Other Clean Options  |  Renewable Energy Credits (RECs)

Renewable Energy Credits (RECs)

Last updated 12/23/2020

Renewable energy certificates (also known as renewable energy credits, or RECs) represent the energy generated by renewable energy sources, such as solar or wind power facilities. Buying RECs is not equivalent to buying electricity. Instead, RECs represent the clean energy attributes of renewable electricity.

How renewable energy credits work

house running on solar vs fossil fuels

Electricity enters the grid from many different sources, ranging from wind power and solar to natural gas and nuclear power. Because of this, there is no way to know exactly what energy source your electricity comes from. To solve this problem, you can purchase RECs along with your electricity. RECs are certificates that transfer the “renewable” aspects of renewable energy to the owner. In other words, renewable energy credits, paired with electricity from the grid, are renewable energy that is being generated on your behalf.

How RECs are generated

generating a mWh of energy for grid

A REC is produced when a renewable energy source generates one megawatt-hour (MWh) of electricity and delivers it to the grid. For example, if a wind power facility produces 5 MWh of electricity, they have 5 credits to either keep or sell. If you or your business buys those credits, you are buying the “renewable” aspect of the electricity from the wind farm, and you can say that 5 MWh of your electricity use came from a renewable source.

A REC that has been sold once cannot be purchased again. All renewable energy credits are uniquely numbered and generally include information such as where they were generated, the type of renewable resource they came from, and a date stamp of generation. The exchange of RECs is tracked and recorded.

Benefits of RECs

RECs give you certified proof that you are using renewable energy from the grid without having to install solar panels or other renewable energy systems at your home or business. This gives you flexibility, especially if your business is based in multiple places or does not have the infrastructure to install solar panels. With RECs, your business can reduce its carbon footprint.

Purchasing RECs also supports the renewable energy market by providing a demand signal to the market, which in turns encourages more supply of renewable energy. In this way, RECs not only RECs help businesses meet their greenhouse gas emission goals – they also encourage the generation of more renewable energy.

RECs are a good fit for you if you:

  • want to support the renewable energy market
  • cannot install solar panels or other renewable energy technology at your home or business
  • want to reduce your environmental impact and carbon footprint
  • have environmental goals you are trying to reach, as a business or individual
  • want to know where your electricity is coming from
Environmental benefits of renewble energy credits

RECs encourage the production of renewable energy, which is any energy source that produces no fossil fuel-based greenhouse gas emissions or other pollutants. This makes renewable electricity cleaner and better for the environment than burning natural gas or coal.

RECs can be generated from the following renewable energy sources: wind, solar, moving water (hydropower), organic plant and waste material (biomass), and the earth’s heat (geothermal). Unlike coal or natural gas, renewable energy supplied by these sources is readily available and constantly replenishes.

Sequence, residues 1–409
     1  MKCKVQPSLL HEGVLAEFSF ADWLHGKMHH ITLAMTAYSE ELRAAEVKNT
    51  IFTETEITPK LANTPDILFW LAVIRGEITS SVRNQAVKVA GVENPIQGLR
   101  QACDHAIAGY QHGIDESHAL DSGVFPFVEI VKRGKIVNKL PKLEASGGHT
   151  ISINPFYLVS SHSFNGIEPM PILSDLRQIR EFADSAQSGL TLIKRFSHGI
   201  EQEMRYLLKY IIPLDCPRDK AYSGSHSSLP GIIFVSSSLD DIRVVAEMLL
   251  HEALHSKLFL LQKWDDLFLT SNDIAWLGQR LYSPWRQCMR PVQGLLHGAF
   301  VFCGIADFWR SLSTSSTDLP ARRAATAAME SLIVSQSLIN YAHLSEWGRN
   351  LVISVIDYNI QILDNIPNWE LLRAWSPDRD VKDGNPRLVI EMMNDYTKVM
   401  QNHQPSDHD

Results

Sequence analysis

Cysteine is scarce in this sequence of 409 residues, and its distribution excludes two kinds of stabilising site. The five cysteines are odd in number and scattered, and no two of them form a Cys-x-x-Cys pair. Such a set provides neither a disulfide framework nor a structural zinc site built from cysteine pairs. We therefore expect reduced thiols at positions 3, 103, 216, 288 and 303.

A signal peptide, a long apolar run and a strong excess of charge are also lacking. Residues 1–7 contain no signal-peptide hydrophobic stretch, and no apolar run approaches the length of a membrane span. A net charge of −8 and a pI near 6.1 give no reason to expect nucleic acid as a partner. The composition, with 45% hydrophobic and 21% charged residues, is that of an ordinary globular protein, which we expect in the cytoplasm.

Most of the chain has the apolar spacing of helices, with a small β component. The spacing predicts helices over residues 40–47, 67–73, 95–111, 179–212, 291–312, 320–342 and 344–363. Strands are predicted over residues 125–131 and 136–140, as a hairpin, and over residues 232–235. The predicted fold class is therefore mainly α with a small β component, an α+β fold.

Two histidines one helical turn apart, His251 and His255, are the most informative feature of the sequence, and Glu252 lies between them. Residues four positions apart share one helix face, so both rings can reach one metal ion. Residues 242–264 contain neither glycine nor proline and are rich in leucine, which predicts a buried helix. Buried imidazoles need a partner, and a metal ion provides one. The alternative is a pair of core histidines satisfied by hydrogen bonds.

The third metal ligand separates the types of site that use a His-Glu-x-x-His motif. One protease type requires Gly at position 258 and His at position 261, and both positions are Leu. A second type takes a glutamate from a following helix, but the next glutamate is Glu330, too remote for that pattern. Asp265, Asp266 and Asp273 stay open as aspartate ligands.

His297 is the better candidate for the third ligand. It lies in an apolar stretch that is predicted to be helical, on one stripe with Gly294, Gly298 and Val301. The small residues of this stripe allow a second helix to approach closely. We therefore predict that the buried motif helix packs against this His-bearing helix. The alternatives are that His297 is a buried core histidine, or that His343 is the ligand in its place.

The difference between RECs and SRECs

comparing SRECs and RECs

Solar renewable energy certificates (SRECs) are a type of renewable energy credit that is specifically generated by solar panels. Like RECs, SRECs are tradable commodities for owners of renewable energy facilities. In the case of SRECs these facilities must be solar facilities.

Some state Renewable Portfolio Standards have “solar carve outs”. In addition to setting a requirement for renewable energy production, an RPS with a solar carve out says that a certain percent of the state’s electricity production comes specifically from solar panels. SRECs account for this energy produced by solar panels.

Homeowners and commercial businesses earn one SREC for every one megawatt-hour (MWh) of electricity generated. They can then sell these SRECs to electrical utilities. An SREC can be worth $300 or more in certain markets and, for a typical 5 kW home solar installation, you could earn six SRECs in a year.

Who buys RECs?

REC purchasers fall into two categories: voluntary and compliance.

Voluntary credit buyers are typically environmentally conscious organizations focused on reducing their greenhouse gas emissions. These organizations can have many motivations for purchasing renewable energy credits. They might have emissions goals they are trying to reach as a company, or might want to know where their electricity is coming from. Examples of voluntary REC buyers include Whole Foods and Starbucks. Homeowners can also be voluntary buyers, meaning anyone can support renewable energy at an individual level.

Compliance buyers are electrical utilities that are obligated to have a certain percent of their electricity generation come from renewable resources. Some states have regulations called Renewable Portfolio Standards (RPS) that set requirements for renewable energy use. These laws mean that a utility has to provide renewable credits as proof that they are sourcing a set amount of their electricity from renewable resources. The utility can generate the RECs themselves with renewable energy sources, but if they do not generate enough they have to purchase them.

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